Family Therapy Model
Family Therapy Model
Family therapy models of psychotherapy can be divided into three classifications—ahistorical, historical, and experiential (Griffin & Greene, 1998, p. 3). The ahistorical classification includes structural family therapy, strategic family therapy, behavioral family therapy, psychoeducational family therapy, and communication models (Griffin & Greene, 1998, p. 3). The historical classification includes object relations theory and Bowen systems theory (Griffin & Greene, 1998, p. 3).
The experiential classification contains only one model—the experiential family therapy model (Griffin & Greene, 1998, p. 3). While the historical models focus on changing the family’s patterns of interaction as a means of removing the presenting problems, the historical models are rooted in psychoanalysis, with a longer therapy intervention in which the therapist is less involved than in the other classifications (Griffin & Greene, 1998, p. 3).
Experiential models, on the other hand, are more concerned with the patient’s growth, a process of both experiencing and monitoring internal problems, and the patient’s self-identity development within the family context (Griffin & Greene, 1998, p. 3).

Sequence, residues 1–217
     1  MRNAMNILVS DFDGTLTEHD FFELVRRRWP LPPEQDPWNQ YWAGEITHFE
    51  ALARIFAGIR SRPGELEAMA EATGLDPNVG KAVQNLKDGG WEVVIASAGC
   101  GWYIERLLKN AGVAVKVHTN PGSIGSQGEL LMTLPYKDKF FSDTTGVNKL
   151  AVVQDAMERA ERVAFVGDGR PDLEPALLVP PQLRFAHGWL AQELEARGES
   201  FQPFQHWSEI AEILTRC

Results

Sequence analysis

The history of the models and the therapist’s role in each differs, so given the size limitations of this paper, a separate history on each is not feasible. Each theory has its own major contributors. Among the ahistorical models, structural family theory, for example, was influenced by Gregory Bateson, who focused on verbal and nonverbal communication; the Palo Alto Team, which developed the concept of “family homeostasis;” and Salvador Minuchin, who saw families as functioning to socialize children and facilitate the mutual support of married couples, suffering problems when boundaries were either too porous or too rigid (Werner-Wilson, n.d., pp. 2-4).